Home | About | Donate

The ‘Hidden Figures’ Jeff Sessions Wants to Keep in the Shadows


The ‘Hidden Figures’ Jeff Sessions Wants to Keep in the Shadows

Bill Moyers

As the Senate hearings for Jeff Sessions’ nomination as attorney general ran into their second day, I kept thinking about the movie Hidden Figures, which my wife Judith and I saw three days earlier. The film is based on a book by Margot Lee Shetterly about three African-American women in the early 1960s who lived in the segregated South while working on NASA’s first manned space missions.


This is just the kind of thing Albert warned about in the heavily ridiculed piece published here on CD before the election that argued under Trump, people would be scrambling to try to save the gains they'd already won.


Rather than suffer four years of Trump and his ship of fools, we would be better off encouraging a military coup.


One short note, about a term used. Moyers puts in quotes the word "computer" which seems to give the implication that calling a person a computer was somehow diminishing. I know not a lot of people knew of such occupations by this name so perhaps Moyers thought the name was about treating humans as a machine. Regardless, at that time if someone had a job as a computer it meant they were a person performing computations.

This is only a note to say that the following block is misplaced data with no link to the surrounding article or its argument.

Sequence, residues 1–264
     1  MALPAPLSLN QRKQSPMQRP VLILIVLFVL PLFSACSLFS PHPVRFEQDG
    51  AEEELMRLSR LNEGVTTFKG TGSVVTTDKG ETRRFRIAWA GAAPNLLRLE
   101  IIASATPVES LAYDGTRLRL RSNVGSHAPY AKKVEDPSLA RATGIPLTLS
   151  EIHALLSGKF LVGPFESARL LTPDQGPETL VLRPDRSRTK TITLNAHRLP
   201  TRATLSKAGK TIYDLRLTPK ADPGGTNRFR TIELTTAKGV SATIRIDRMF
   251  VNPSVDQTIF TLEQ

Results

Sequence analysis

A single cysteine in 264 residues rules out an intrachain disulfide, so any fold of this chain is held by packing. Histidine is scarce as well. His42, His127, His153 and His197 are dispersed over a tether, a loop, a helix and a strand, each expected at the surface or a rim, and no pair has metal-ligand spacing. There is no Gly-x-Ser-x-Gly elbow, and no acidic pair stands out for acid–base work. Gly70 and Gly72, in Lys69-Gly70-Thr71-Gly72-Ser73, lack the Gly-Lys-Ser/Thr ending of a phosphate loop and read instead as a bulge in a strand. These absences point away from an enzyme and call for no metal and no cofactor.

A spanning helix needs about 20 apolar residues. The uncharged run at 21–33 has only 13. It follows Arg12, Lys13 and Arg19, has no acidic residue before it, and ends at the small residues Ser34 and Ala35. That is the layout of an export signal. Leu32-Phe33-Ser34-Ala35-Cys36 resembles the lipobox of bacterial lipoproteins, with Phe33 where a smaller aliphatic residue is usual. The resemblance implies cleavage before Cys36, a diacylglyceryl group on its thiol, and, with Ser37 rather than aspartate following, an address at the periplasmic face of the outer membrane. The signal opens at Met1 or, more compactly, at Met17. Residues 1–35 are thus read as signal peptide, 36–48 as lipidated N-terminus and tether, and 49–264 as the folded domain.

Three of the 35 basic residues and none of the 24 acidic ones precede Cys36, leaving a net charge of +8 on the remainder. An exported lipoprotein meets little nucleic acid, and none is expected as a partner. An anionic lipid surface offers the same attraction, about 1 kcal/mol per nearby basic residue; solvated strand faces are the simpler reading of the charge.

I was a computer, a "geodetic computer." I was trained to perform computations for geodetic surveys and later I was both a geodetic computer and a geodetic surveyor as I cross trained as a surveryor. We did have computers, the machines, and I worked with them, feeding them data from our computations and setting up field surveyor's measurements for computation on the machines. I also did hand computations with calculators and books of trig tables.

In today's terms the word computer automatically means a machine, except, maybe, to those of us whose job titles were "computer." But back then (I was trained in 1969 for my job by the Army Engineer School at Ft. Belvoir [TopoCom, what the army called a topographic computer], then assigned to my Air Force Squadron, the 1st Geodetic Survey Squadron) a person who performed computations was a computer (me). It was very technical work and the "computer" designation was anything but diminishing.


I think that's exactly what Moyers meant by putting the term in quotes; he's neither stupid nor at all given to "seems to give the implication." But let's not get distracted from the point he's making by the analogy.